HERBICIDES FOR WOODY PLANTS -- Continued
A RESTRICTED HERBICIDE. Usually used as a foliage
Many species of woody
Full-leaf stage when plants
plants, including: black-
spray in mixtures with other herbicides such as 2,4-D;
are actively growing. Also,
dicamba; and triclopyr. While more efficient when applied
berries, buttonbush, cac-
soil treatments are effec-
tus, acacias, cedar, chap-
as a foliage spray, it is effective and used also as a soil
tive anytime when enough
treatment. Persistence time in the soil is greatest in cool
parral species, dogwood,
rainfall is expected to leach
firs, gorse, guava, gums,
climate and in heavy solids, and may exceed a year. Take
herbicide to the roots.
particular care to avoid drift in nontarget sites, and avoid
hickory, juniper, kudzu,
use on sites where runoff water can carry the herbicide to
lantana, live oak, locust,
maple, mesquite, oak, per-
desirable broadleaf plant species or to streams or im-
simmon, pine, roses, sal-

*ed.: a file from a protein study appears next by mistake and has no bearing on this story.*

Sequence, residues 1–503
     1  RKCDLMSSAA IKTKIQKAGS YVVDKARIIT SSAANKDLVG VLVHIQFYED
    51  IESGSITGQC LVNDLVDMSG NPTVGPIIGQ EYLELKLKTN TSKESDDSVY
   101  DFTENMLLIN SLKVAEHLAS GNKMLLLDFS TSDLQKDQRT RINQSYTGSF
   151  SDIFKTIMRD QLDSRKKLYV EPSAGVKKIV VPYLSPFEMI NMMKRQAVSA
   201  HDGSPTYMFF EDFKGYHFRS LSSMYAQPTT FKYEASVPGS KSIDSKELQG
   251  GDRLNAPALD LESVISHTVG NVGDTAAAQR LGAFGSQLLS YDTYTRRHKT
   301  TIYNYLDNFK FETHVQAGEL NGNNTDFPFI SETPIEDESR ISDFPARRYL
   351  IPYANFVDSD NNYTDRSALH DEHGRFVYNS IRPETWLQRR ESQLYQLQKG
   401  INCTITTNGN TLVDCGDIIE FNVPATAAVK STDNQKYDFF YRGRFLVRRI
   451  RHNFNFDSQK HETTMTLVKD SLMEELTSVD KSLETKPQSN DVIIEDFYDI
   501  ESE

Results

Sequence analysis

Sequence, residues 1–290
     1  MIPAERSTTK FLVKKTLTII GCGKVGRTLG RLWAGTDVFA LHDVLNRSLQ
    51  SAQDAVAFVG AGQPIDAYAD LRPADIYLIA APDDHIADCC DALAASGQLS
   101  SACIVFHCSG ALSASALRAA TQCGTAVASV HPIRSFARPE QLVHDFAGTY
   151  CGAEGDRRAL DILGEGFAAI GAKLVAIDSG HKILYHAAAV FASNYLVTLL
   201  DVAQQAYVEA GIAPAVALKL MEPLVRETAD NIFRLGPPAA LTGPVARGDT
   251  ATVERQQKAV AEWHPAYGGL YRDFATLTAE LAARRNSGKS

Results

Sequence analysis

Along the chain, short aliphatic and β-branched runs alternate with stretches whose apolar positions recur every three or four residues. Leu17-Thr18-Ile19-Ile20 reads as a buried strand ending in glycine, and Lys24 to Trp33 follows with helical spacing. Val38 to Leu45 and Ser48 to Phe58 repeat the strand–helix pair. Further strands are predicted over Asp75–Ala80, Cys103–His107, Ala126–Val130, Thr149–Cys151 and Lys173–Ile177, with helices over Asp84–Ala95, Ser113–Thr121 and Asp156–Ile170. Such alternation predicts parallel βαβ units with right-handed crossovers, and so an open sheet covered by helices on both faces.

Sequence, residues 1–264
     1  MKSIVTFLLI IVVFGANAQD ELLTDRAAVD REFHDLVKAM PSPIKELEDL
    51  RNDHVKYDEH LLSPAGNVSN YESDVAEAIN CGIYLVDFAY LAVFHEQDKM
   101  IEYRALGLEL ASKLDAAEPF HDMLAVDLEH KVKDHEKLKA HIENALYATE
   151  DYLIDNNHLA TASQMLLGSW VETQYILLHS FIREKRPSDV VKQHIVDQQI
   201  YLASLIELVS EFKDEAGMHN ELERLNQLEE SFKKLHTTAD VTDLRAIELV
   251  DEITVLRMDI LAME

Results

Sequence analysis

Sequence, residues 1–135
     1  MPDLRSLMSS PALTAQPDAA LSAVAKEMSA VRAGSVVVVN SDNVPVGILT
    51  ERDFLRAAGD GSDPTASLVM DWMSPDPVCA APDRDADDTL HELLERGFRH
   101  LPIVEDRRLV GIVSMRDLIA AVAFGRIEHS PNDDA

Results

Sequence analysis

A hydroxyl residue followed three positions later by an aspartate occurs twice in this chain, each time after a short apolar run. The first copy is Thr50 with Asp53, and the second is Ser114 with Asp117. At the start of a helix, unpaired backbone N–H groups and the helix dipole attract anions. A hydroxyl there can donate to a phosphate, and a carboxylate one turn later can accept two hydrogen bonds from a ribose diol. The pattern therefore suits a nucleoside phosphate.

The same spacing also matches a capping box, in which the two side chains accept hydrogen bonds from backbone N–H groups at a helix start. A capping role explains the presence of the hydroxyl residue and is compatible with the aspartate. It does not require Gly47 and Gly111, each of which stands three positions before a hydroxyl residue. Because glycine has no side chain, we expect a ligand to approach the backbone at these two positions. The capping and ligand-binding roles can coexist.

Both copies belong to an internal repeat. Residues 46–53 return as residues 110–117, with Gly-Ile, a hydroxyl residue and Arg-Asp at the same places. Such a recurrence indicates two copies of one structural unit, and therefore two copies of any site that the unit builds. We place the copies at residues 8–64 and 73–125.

pounded water. Does not kill grasses.
monberry, sassafras, trum-
pet creeper, and willows.
Most woody species, as
Nonselective soil treatment, and should be used only
Anytime when enough rain
where bare soil is desirable. Herbicide persists in soil for
well as other vegetation.
is expected to move herbi-
more than a year. Do not use on areas such as walks,
cide into the root zone.
driveways, streets, patios, tennis courts, swimming pools,
cemeteries or other landscaped areas. Do not apply in
locations where the chemical may be washed by runoff or
sheet erosion to areas having roots of desirable vegetation.
Do not apply on an area into which the roots of desirable
vegetation may extend. Roots of trees and shrubs may
extend for beyond the drip line of the plants' branches.
A selective foliage spray, but it can also be absorbed from
Many species including
Full-leaf stage and when
soil. It does not kill grasses. It is often used in mixtures
beech, birch, blackberry,
plants are actively grow-
with 2,4-D and picloram to increase range of species
cherry, cottonwood, hazel,
controlled. Usually does not persist for more than one
hickory, locust, persim-
season. The ester formulation in fuel oil is effective as
mon, poison oak, poplar,
basal bark and dormant brush treatment. Take precau-
salmonberry, sassafras, su-
tions to prevent drift to nontarget susceptible species.
mac, sweetgum, sycamore,
tulip poplar, and willow.